• San Francisco Chronicle: SF safe injection sites expected to be first in nation, open around July 1 – “The Chamber of Commerce’s Dignity Health CityBeat Poll is conducted every year, and for the first time this year included a question about safe injection sites. It asked respondents whether they support or oppose ‘drop-in facilities called safe injection sites where intravenous drug users could use their drugs, off the street, and in a place where medical and social services are available.’ Sixty-seven percent of respondents said they back the idea — 45 percent strongly and 22 percent somewhat. Twenty-seven percent opposed it, and 6 percent didn’t know. The poll found support for the sites regardless of age or homeownership. Progressives, liberals and moderates all backed the idea, though just 42 percent of self-described conservatives did. The poll was conducted in January by David Binder Research and surveyed 500 registered city voters in English and Cantonese. The margin of error is 4.4 percent.”
  • San Jose Mercury News: Two new polls show tight race for second place in campaign for California governor — “An internal poll conducted by David Binder Research for Newsom’s campaign, released exclusively to the Bay Area News Group on Wednesday, found similar numbers: Newsom at 30 percent, Villaraigosa and Chiang at 11 percent, and Cox at 7 percent. Eastin, Allen, and Ose were all tied at 4 percent. It surveyed 800 likely voters around the state.”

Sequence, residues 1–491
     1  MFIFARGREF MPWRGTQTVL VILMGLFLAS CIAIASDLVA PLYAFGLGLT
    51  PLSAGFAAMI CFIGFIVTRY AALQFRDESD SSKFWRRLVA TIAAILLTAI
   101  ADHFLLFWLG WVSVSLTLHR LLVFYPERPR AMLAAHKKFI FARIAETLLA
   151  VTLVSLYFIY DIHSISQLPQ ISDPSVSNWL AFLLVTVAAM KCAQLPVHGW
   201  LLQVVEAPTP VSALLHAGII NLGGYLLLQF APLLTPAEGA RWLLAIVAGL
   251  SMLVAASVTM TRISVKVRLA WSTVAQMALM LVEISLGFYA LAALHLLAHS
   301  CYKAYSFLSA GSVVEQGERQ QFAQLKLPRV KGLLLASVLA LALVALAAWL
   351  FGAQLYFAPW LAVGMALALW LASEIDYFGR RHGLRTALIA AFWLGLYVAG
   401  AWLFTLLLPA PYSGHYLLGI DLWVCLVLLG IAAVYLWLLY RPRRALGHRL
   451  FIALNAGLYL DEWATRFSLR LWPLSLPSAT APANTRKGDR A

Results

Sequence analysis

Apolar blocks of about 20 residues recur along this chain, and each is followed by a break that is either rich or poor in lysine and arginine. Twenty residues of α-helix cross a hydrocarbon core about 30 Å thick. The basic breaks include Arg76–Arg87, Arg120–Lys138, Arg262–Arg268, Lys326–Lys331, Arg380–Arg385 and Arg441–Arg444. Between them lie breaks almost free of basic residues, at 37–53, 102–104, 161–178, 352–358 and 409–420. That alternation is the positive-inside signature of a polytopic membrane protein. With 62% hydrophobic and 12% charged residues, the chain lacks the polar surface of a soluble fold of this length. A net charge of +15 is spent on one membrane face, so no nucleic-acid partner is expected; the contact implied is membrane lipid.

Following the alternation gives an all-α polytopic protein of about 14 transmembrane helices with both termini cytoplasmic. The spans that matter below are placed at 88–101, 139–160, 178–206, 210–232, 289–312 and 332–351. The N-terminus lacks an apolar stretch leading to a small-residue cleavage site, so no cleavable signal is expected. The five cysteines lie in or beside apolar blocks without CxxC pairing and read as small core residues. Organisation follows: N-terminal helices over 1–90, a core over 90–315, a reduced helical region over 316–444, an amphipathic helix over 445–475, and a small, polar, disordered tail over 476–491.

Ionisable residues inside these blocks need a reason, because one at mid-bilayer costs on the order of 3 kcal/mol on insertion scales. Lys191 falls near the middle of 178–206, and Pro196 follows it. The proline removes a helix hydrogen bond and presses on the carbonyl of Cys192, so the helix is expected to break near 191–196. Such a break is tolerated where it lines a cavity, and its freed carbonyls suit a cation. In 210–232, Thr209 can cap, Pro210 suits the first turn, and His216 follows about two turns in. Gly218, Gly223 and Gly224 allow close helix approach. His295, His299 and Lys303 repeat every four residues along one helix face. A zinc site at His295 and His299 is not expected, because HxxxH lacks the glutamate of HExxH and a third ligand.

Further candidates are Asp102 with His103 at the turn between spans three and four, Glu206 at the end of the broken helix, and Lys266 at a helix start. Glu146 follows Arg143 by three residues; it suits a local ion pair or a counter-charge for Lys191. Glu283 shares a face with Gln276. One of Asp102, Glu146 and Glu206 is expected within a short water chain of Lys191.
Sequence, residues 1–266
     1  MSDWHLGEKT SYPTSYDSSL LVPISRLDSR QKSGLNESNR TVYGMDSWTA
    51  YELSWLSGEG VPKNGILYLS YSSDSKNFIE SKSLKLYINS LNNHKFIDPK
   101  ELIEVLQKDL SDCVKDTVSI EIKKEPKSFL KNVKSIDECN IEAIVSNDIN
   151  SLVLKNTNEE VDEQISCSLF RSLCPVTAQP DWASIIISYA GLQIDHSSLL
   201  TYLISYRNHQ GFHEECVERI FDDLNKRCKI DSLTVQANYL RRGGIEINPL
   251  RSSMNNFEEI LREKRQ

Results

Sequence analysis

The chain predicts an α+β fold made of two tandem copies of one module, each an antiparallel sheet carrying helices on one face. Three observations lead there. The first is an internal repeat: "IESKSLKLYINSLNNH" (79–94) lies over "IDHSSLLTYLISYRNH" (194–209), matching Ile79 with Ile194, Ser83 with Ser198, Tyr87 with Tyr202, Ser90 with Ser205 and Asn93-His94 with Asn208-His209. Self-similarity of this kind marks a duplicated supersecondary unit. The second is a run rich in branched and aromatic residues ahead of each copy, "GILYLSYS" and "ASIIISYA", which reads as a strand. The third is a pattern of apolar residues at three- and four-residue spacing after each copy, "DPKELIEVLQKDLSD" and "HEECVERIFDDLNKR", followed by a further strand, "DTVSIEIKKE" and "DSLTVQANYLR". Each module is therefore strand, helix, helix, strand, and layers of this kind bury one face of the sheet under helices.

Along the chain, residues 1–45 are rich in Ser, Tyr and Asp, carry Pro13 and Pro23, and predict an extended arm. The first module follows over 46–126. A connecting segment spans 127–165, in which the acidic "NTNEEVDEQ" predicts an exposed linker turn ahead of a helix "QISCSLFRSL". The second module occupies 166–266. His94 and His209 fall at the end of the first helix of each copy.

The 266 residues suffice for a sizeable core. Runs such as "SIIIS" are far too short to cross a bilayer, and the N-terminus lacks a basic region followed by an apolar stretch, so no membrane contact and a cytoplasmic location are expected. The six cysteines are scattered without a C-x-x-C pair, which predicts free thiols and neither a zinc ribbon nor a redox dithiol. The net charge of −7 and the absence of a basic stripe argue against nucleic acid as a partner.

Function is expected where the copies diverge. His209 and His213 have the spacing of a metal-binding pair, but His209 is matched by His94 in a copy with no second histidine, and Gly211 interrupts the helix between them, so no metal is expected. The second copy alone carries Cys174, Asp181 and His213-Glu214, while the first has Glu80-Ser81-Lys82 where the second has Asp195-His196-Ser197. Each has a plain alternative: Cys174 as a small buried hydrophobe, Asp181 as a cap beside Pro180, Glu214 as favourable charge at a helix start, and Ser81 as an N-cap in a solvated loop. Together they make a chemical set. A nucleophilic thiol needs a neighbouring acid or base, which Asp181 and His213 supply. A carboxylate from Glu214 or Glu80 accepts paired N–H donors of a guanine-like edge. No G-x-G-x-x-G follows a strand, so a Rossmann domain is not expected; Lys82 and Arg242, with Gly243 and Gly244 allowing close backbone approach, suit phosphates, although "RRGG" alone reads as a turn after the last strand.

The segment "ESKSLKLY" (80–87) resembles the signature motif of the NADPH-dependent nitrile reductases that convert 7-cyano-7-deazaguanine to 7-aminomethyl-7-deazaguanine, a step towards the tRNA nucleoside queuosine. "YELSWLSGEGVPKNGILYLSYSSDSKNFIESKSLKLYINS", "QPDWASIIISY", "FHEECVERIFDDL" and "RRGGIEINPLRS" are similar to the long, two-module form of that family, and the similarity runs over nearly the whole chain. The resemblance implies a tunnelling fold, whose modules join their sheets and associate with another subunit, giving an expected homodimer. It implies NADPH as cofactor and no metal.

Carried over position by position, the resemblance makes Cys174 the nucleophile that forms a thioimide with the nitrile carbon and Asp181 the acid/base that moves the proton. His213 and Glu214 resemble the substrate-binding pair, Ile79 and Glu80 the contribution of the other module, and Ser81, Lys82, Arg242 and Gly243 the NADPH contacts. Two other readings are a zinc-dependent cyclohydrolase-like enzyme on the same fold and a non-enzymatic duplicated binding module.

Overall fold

• Philadelphia Business Journal: As health organizations back soda tax, new data shows most locals are against it – “Despite additional pre-K seats and new community schools in neighborhoods across the city, only one section of Philadelphia has more residents in support of, rather than against, the funding mechanism behind those initiatives, according to a new report from the American Beverage Association. Despite additional preK seats and new community schools in neighborhoods across the city, only one section of Philadelphia has more residents in support of, rather than against, the funding mechanism behind those initiatives, according to a new report from the American Beverage Association. The Philadelphia beverage tax (PBT) has led to the opening of a dozen community schools in neighborhoods from the Far Northeast to Wynnefield, from Cedarbrook to Lower Moyamensing. Despite that benefit, the majority of neighbors in West Philly, South Philly, North Philly, the Northeast and the Northwest oppose the tax, which imposes a 1.5 cent per ounce levy at the distributor level, the ABA’s latest research – conducted by David Binder Research – shows.”